A news release from Chicago law firm Foley & Lardner said its research shows that costs associated with corporate governance reform dropped 16% for companies generating less than $1 billion in annual revenue and 6% for those with more than $1 billion in annual revenue. Significant decreases in costs associated with lost productivity, legal fees and initial set-up measures drove down most of the cost, the report found.
However, year-over-year audit fee hikes, D&O insurance expenses and board compensation for companies of all sizes are balancing out much of those cost cuts.
“Because many of the provisions of the Sarbanes-Oxley Act required initial one-time implementation expenses, we expected to see an overall decrease in the cost of being public this year,” said Tom Hartman, study director and Foley partner, in the news release. “However, we did not expect to see the continued increase in audit fees over fiscal year 2004 – a year in which Section 404 drove costs to an already unprecedented level.”
The study analyzed data from more than 850 proxy statements of public companies for fiscal year 2005 and found that audit fees increased 22% for S&P small-cap companies, 6% for S&P mid-cap companies and 4% for S&P 500 companies.
“The S&P small-cap companies were the only group analyzed to experience double-digit increases in average audit fees for fiscal year 2005,” explained Hartman. “Corporate governance reform continues to present a more significant financial burden for smaller public companies than it does for larger ones.”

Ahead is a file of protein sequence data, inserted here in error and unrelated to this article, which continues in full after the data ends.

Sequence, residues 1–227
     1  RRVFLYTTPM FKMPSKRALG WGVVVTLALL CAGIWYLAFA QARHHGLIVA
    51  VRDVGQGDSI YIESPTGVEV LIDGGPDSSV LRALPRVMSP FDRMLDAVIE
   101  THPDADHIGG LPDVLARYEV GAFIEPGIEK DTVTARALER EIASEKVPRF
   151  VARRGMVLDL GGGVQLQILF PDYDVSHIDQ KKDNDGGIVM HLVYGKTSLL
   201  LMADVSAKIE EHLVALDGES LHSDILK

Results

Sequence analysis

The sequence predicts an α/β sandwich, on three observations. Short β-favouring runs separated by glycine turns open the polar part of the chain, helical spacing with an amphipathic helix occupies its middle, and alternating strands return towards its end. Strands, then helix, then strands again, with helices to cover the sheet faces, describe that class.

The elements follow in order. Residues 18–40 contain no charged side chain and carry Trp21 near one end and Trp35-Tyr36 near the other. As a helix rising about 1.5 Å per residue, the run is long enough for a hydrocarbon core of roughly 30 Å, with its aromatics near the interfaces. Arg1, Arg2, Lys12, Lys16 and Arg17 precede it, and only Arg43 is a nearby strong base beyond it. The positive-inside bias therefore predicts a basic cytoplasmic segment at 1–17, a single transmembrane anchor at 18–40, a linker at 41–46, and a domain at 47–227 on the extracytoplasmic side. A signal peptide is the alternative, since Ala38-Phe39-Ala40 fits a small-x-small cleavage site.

The announcement said that Foley’s data over four years showed that percentage increases in average audit fees year over year were generally the same for companies of all sizes until the Section 404 requirements were enacted in 2004. Since that time, S&P small-cap and S&P mid-cap companies have experienced larger percentage increases in average audit fees compared to S&P 500 companies.
Between 2003 and 2005, average audit fees increased by $786,000 on average for S&P small-cap companies and $1.14 million for S&P mid-cap firms, a 141% increase for S&P small-cap companies and a 104% increase for S&P mid-cap companies. In comparison, S&P 500 companies experienced a 62% increase during this same period.
The study also reported that the average cost of compliance for companies with less than $1 billion in annual revenue has increased more than $1.8 million to about $2.9 million since SOX was enacted, a 174% overall increase.
In January 2006, Foley distributed public company and private organization surveys through mail and e-mail to about 9,000 chief executive officers, chief financial officers, general counsel, chief compliance officers, board members, directors and other executives of both public companies and private organizations. Recipients returned 114 public company surveys.
The report is here .